Freedom of Expression in the Arts and Entertainment
FREEDOM OF EXPRESSION
IN THE ARTS AND ENTERTAINMENT
In the late 1980s, state prosecutors brought a criminal obscenity charge against the owner of a record store for selling an album by the rap group, 2 Live Crew. Although this was the first time that obscenity charges had ever been brought against song lyrics, the 2 Live Crew case focused the nation's attention on an old question: should the government ever have the authority to dictate to its citizens what they may or may not listen to, read, or watch?
American society has always been deeply ambivalent about this question. On the one hand, our history is filled with examples of overt government censorship, from the 1873 Comstock Law to the 1996 Communications Decency Act. Anthony Comstock, head of the Society for the Suppression of Vice, boasted 194,000 "questionable pictures" and 134,000 pounds of books of "improper character" were destroyed under the Comstock Law -- in the first year alone. The Communications Decency Act imposed an unconstitutional censorship scheme on the Internet, accurately described by a federal judge as "the most participatory form of mass speech yet developed."
On the other hand, the commitment to freedom of imagination and expression is deeply embedded in our national psyche, buttressed by the First Amendment, and supported by a long line of Supreme Court decisions.
Provocative and controversial art and in-your-face entertainment put our commitment to free speech to the test. Why should we oppose censorship when scenes of murder and mayhem dominate the TV screen, when works of art can be seen as a direct insult to peoples' religious beliefs, and when much sexually explicit material can be seen as degrading to women? Why not let the majority's morality and taste dictate what others can look at or listen to?
The answer is simple, and timeless: a free society is based on the principle that each and every individual has the right to decide what art or entertainment he or she wants -- or does not want -- to receive or create. Once you allow the government to censor someone else, you cede to it the the power to censor you, or something you like. Censorship is like poison gas: a powerful weapon that can harm you when the wind shifts.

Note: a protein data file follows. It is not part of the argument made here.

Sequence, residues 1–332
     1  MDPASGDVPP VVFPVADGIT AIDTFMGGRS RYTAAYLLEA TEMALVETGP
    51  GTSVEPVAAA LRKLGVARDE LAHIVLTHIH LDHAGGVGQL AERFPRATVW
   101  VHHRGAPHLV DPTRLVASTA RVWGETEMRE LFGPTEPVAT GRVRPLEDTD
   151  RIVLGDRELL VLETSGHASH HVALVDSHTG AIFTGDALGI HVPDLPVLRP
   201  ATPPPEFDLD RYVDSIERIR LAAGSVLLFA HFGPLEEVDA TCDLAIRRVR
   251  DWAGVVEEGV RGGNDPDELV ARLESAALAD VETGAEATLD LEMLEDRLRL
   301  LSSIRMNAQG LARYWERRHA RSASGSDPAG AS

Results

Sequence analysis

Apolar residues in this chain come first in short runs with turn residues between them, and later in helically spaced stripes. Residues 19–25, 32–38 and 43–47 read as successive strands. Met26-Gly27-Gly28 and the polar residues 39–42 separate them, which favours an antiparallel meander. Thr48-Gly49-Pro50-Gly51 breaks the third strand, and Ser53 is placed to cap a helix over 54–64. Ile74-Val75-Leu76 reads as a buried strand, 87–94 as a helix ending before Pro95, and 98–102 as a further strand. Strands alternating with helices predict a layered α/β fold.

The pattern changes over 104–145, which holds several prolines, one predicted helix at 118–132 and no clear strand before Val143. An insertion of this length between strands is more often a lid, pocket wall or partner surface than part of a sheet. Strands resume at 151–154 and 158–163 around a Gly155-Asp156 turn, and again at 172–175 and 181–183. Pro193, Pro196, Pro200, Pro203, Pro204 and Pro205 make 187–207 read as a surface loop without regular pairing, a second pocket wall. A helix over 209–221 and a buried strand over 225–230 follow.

Freedom of expression for ourselves requires freedom of expression for others. It is at the very heart of our democracy.
Sex in art and entertainment is the most frequent target of censorship crusades. Many examples come to mind. A painting of the classical statue of Venus de Milo was removed from a store because the managers of the shopping mall found its semi-nudity "too shocking." Hundreds of works of literature, from Maya Angelou's I Know Why the Caged Bird Sings to John Steinbeck's Grapes of Wrath, have been banned from public schools based on their sexual content.
A museum director was charged with a crime for including sexually explicit photographs by Robert Mapplethorpe in an art exhibit.
American law is, on the whole, the most speech-protective in the world -- but sexual expression is treated as a second-class citizen. No causal link between exposure to sexually explicit material and anti-social or violent behavior has ever been scientifically established, in spite of many efforts to do so. Rather, the Supreme Court has allowed censorship of sexual speech on moral grounds -- a remnant of our nation's Puritan heritage.
This does not mean that all sexual expression can be censored, however. Only a narrow range of "obscene" material can be suppressed; a term like "pornography" has no legal meaning . Nevertheless, even the relatively narrow obscenity exception serves as a vehicle for abuse by government authorities as well as pressure groups who want to impose their personal moral views on other people.
IS MEDIA VIOLENCE A THREAT TO SOCIETY?
Today's calls for censorship are not motivated solely by morality and taste, but also by the widespread belief that exposure to images of violence causes people to act in destructive ways. Pro-censorship forces, including many politicians, often cite a multitude of "scientific studies" that allegedly prove fictional violence leads to real-life violence.
There is, in fact, virtually no evidence that fictional violence causes otherwise stable people to become violent. And if we suppressed material based on the actions of unstable people, no work of fiction or art would be safe from censorship. Serial killer Theodore Bundy collected cheerleading magazines. And the work most often cited by psychopaths as justification for their acts of violence is the Bible.